Abdu’l-Baha in New York – Day 5

Apr 15

April 15, 1912 – Excerpt from Mahmud’s Diary

The Master was shown several newspapers that had published His picture and articles about His talks and yesterday’s meetings. So great is the influence of the Cause of God that a zealous clergyman has made objections to Dr [Percy Stickney] Grant, the minister of the Church of the Ascension who had invited `Abdu’l-Bahá to sit in the chair reserved for the Viceroy of Christ. He asked why the minister had permitted `Abdu’l-Bahá to sit on the chair. Although he objected to the Master’s talk, he could find no justification for his complaint. Other clergymen replied to his objections in a newspaper article, referring to his discourteous attitude. Thus he was obliged to write an article himself in which he stated that he had no doubt about the knowledge and importance of the teachings of `Abdu’l-Bahá and that his intention had been only to point out that the church’s rules and regulations had been broken.

The bishop of the church was introduced to `Abdu’l-Bahá by Mr Mills. The bishop expressed his gratitude and appreciation for the Master’s visit to the Church of the Ascension, saying, `I am very optimistic and pleased about the teachings of this Cause. You are the first great visitor from the East who has brought such important tidings to the West. Until now no one could imagine that such a great cause could exist in the East. This blessed journey is the cause of praise and gratitude.’

As the bishop listened to the Master’s remarks about the dangers of blind imitation and prejudice, and on the fundamental unity of all religions, the necessity for universal peace, the agreement between science and religion, and a divine civilization, and so on, he became very respectful, and left with gratitude and humility.

In thanking the Master the bishop said, `You are the first great traveler from the East to the West to come with such noble principles.’ I then recalled the statement of the Master on the ship when He said, `Up to the present time no one has traveled, with a purpose like ours, from Persia to America . . . Ours may be said to be the first voyage of Easterners to America.’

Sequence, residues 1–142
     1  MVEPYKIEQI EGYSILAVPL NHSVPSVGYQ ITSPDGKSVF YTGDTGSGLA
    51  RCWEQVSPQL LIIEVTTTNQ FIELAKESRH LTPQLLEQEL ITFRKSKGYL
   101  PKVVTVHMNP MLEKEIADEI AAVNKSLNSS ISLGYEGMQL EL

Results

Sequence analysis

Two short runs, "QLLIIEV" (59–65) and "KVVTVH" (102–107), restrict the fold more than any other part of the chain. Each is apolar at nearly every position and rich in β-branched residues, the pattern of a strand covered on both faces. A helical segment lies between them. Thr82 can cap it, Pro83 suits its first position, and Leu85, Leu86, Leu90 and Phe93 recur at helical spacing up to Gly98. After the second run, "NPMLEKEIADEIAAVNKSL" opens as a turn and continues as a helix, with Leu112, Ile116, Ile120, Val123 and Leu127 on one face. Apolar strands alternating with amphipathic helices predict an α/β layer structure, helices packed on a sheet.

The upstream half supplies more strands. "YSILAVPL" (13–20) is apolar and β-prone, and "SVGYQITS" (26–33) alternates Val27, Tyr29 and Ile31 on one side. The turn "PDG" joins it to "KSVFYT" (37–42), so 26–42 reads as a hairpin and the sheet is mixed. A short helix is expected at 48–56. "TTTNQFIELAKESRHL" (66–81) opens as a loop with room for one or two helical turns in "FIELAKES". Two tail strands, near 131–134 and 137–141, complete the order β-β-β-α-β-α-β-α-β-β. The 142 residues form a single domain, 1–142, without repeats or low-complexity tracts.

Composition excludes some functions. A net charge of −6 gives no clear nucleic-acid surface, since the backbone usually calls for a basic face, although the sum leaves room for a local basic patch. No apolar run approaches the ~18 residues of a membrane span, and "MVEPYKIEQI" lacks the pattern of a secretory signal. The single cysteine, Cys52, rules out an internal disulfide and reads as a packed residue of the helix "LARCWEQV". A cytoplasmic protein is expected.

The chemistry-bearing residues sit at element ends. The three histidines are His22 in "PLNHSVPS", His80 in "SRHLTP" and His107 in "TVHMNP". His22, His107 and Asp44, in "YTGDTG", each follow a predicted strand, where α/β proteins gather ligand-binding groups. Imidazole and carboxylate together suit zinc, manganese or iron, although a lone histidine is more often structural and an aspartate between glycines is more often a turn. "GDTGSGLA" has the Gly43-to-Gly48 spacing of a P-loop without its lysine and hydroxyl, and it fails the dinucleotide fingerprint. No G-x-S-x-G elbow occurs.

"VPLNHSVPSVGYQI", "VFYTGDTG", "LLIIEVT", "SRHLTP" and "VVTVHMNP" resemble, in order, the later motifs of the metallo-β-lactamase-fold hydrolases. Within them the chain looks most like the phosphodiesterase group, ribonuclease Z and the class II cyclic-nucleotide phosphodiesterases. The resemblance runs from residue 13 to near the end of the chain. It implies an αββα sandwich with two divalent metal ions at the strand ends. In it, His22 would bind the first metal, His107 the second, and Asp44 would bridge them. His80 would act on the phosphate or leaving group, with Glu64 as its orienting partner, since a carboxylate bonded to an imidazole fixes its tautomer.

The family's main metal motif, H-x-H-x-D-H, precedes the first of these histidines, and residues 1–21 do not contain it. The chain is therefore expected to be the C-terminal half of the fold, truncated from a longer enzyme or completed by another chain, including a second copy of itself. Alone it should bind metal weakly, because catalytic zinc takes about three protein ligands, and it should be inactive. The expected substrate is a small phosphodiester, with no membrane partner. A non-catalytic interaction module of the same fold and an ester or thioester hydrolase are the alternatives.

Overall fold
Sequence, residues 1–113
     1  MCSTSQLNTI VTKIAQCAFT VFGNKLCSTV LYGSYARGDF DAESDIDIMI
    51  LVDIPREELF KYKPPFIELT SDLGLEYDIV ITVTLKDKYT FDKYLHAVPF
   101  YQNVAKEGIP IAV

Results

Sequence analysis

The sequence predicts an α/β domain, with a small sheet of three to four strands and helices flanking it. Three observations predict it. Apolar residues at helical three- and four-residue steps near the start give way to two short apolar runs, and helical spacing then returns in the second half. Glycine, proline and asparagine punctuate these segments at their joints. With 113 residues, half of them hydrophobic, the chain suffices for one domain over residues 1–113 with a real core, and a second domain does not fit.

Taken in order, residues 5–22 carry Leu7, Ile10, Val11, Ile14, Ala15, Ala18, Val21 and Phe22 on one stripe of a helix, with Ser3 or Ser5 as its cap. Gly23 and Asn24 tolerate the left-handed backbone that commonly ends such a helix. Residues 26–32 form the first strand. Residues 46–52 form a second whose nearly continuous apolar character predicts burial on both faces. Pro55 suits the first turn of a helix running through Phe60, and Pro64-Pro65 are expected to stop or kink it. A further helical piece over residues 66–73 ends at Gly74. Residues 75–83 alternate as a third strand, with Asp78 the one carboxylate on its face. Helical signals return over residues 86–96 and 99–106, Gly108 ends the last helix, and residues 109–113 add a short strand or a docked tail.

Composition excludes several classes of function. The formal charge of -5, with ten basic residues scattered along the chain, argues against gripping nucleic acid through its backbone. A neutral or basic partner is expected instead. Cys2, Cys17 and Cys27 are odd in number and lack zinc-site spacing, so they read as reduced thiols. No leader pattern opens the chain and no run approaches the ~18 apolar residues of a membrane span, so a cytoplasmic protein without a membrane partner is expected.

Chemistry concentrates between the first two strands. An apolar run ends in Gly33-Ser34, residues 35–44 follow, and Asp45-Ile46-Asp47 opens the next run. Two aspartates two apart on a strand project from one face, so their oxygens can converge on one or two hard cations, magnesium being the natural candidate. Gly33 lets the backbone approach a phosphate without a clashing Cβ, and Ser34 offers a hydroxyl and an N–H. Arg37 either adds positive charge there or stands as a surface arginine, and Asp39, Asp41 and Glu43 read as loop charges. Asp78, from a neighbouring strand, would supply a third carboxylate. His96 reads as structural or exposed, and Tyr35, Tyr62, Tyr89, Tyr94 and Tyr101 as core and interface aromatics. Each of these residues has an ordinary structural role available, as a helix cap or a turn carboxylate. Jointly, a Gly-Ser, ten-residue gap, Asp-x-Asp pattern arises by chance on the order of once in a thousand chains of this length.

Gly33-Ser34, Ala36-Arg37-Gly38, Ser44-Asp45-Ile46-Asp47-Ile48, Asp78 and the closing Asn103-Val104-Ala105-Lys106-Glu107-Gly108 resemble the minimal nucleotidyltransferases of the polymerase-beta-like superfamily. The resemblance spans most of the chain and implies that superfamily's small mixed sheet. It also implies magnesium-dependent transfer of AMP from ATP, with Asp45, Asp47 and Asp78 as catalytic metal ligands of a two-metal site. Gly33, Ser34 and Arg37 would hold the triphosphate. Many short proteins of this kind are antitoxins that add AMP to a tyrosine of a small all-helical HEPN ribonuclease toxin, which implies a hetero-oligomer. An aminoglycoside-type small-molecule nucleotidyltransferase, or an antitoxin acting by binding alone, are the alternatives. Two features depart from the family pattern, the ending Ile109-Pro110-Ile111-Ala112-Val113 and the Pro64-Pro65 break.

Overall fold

Excerpt from Juliet Thompson’s Diary

The next morning, through Ahmad, the Master telephoned me. He wanted to know how I was.

“Tell Him my heart is burning for Him just as it used to in Haifa.”

“The Master says: come at once to Him.”

And scarcely was I seated in His room when He began to speak of Percy Grant. He spoke with great love, with great appreciation of the service Percy had rendered, but told me to be very careful in my relations with him.

“You must keep your acquaintance, Juliet, absolutely formal.”

Then He gave me this message: “Convey to Dr Grant My greetings. Say: I will not forget the services thou hast rendered yesterday. They are engraved on the book of My heart. I will mention thy name everywhere. And know thou this: This matter of yesterday will become most wonderful in the history of the world. The world of existence will not forget yesterday. Thousands of years hence the mention of yesterday will be heard and it will become history that you were the founder of this work.

“I ask of God for you all those things I have asked for Myself and they are: that thou mayest become a sincere servant of God and serve in the Kingdom of God and become sanctified and holy; that thou mayest find a pure and enlightened heart, an illumined face; become the cause that the lights of spiritual morals may illumine the hearts in this country and that they may be illumined in the world of the Kingdom; become the promoter of Truth and deliver the souls from ignorance and prejudice. I supplicate to the Kingdom of God for you, and I will never forget the love that was manifested yesterday.

“I hope,” said the Master, turning to me, “that he will become a believer, but I do not know. The rectorship of that church is in the way. If he could give it up of his own volition, then he might become a believer.”

He spoke of my dear mother: “Convey to thy mother the greetings of Abhá. Say to her: Always remember My advices. It is my hope that thou mayest forget everything save God. Nothing in this world is sufficient for man. God alone is sufficient for him. God is the Protector of man. All the world will not protect the soul.”

I sent Percy Grant the message and later he telephoned me.

“That was a wonderful, wonderful message,” he said, his voice strangely upset.

Early Sunday evening, the fourteenth, the Master spoke at the Carnegie Lyceum for the Union Meeting of Advanced Thought Centres. I can give you no idea of His Glory that night. He was like a pillar of white fire.

I sat in a box with Bolton Hall, one of our fashionable intellectuals, a lean, elegant person with an Emersonian face. Turning to him for a moment, I asked: “What do you see?”

“Nothing, dear child, nothing.”

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